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  5. "I love fashion and history."

"I love fashion and history."

Translation:Is aoibhinn liom faisean agus stair.

April 16, 2015



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Is aoibhinn liom faisean agus an stair marked wrong. I thought stair was one of those nouns that takes (can take) the definite article...like an dĂșlra?


It's not specific nouns, it's classes of nouns - if you used a definite article with stair in this case, you'd use it with faisean too.


Thanks. I understand your point about the consistent use within a sentence. What defines the class of nouns that take the definite article? Does this class have a grammatical name for my reference? Grma.


The definition of an in the FGB includes "5. (With abstract nouns, in general reference)", and gives the examples of an ceol for "music" and an t-ocras for "hunger", etc. Languages and Educational subjects also take a definite article when used in this way (when they are used "in a general reference"), which is where you got your an stair from, but if you are treating stair as a general topic/subject in this exercise, then "fashion" would aso be a general topic/subject, and therefore be subject to the same rule. So the "class" doesn't have a grammatical name, as such, it's just a group of simiilar things that are subject to a specific rule.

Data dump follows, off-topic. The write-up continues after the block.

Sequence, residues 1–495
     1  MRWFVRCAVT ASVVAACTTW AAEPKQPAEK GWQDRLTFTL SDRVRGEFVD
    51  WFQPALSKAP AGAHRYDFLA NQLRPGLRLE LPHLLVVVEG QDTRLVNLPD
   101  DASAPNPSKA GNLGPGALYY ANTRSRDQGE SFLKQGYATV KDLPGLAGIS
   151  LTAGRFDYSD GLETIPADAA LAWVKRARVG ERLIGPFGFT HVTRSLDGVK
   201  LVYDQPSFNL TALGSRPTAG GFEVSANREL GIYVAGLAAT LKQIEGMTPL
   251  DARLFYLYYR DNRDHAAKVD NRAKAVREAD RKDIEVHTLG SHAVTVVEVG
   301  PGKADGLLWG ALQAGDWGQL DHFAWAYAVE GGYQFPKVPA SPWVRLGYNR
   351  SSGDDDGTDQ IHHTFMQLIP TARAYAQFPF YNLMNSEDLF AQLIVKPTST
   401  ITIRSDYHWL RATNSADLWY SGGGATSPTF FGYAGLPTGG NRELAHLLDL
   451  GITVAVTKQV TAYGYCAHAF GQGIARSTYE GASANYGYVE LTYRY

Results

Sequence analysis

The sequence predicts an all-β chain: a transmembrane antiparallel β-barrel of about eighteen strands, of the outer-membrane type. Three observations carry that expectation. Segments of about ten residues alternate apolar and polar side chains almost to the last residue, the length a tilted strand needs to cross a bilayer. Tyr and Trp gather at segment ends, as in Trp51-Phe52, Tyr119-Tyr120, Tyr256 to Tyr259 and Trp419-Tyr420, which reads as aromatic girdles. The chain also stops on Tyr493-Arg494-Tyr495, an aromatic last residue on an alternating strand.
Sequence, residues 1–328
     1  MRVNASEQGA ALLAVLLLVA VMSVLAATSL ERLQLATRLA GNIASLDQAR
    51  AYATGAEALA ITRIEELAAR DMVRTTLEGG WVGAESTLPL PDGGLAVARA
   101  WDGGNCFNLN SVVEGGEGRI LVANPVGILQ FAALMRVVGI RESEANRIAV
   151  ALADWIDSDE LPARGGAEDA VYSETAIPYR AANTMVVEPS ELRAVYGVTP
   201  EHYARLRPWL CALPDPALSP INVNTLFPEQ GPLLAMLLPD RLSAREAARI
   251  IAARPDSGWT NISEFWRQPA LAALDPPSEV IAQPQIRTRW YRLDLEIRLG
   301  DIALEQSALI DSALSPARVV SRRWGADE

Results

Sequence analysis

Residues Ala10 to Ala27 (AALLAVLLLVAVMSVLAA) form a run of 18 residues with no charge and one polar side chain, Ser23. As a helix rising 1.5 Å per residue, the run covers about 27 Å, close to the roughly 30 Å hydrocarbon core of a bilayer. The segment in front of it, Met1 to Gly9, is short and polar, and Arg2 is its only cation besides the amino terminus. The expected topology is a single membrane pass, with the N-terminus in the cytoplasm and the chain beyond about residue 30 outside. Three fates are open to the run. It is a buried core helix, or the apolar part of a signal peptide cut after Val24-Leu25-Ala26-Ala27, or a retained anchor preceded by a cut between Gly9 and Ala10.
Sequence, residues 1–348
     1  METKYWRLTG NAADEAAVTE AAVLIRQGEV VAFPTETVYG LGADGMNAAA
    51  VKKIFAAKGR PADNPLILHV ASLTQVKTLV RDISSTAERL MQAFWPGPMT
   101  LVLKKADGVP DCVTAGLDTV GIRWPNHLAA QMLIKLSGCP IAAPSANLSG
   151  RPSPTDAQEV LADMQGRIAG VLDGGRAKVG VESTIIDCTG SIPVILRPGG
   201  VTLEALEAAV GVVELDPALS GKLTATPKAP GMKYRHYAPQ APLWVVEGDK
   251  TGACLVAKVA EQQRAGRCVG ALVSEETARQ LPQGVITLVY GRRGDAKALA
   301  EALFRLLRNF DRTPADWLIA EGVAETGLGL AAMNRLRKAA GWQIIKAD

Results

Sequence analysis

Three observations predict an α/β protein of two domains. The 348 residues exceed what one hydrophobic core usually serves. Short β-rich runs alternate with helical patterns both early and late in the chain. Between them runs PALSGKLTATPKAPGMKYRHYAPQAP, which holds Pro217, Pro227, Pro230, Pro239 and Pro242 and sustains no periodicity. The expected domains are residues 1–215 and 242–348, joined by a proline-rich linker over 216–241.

Because this is an aspect where Irish and English differ, and the "rule" isn't always easy to apply (how do you tell whether any specific example is "a general reference" or not?) you will find examples where an is used, and other examples where it isn't, but within any give example, it should be used consistently.

I honestly don't know whether stair or an stair is better in this case.


Very helpful. Thanks for taking the time to explain!

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